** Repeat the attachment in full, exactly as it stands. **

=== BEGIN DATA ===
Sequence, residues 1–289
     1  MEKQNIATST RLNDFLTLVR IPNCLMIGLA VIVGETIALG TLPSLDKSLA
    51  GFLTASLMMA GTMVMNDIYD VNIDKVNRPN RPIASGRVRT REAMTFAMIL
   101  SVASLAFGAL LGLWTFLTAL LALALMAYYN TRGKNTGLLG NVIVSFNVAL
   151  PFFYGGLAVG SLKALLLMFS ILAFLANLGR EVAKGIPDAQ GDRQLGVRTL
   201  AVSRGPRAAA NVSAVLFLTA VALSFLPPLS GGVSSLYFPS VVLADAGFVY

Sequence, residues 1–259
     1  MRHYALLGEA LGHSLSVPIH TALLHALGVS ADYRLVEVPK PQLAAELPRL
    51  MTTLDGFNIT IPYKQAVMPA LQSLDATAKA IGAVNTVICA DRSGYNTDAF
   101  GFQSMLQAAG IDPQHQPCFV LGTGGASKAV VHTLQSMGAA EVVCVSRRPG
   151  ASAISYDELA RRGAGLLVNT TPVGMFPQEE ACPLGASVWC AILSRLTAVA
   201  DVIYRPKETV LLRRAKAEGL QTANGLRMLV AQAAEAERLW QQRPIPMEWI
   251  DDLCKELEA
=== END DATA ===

Sequence, residues 1–289
     1  MEKQNIATST RLNDFLTLVR IPNCLMIGLA VIVGETIALG TLPSLDKSLA
    51  GFLTASLMMA GTMVMNDIYD VNIDKVNRPN RPIASGRVRT REAMTFAMIL
   101  SVASLAFGAL LGLWTFLTAL LALALMAYYN TRGKNTGLLG NVIVSFNVAL
   151  PFFYGGLAVG SLKALLLMFS ILAFLANLGR EVAKGIPDAQ GDRQLGVRTL
   201  AVSRGPRAAA NVSAVLFLTA VALSFLPPLS GGVSSLYFPS VVLADAGFVY

Sequence, residues 1–259
     1  MRHYALLGEA LGHSLSVPIH TALLHALGVS ADYRLVEVPK PQLAAELPRL
    51  MTTLDGFNIT IPYKQAVMPA LQSLDATAKA IGAVNTVICA DRSGYNTDAF
   101  GFQSMLQAAG IDPQHQPCFV LGTGGASKAV VHTLQSMGAA EVVCVSRRPG
   151  ASAISYDELA RRGAGLLVNT TPVGMFPQEE ACPLGASVWC AILSRLTAVA
   201  DVIYRPKETV LLRRAKAEGL QTANGLRMLV AQAAEAERLW QQRPIPMEWI
   251  DDLCKELEA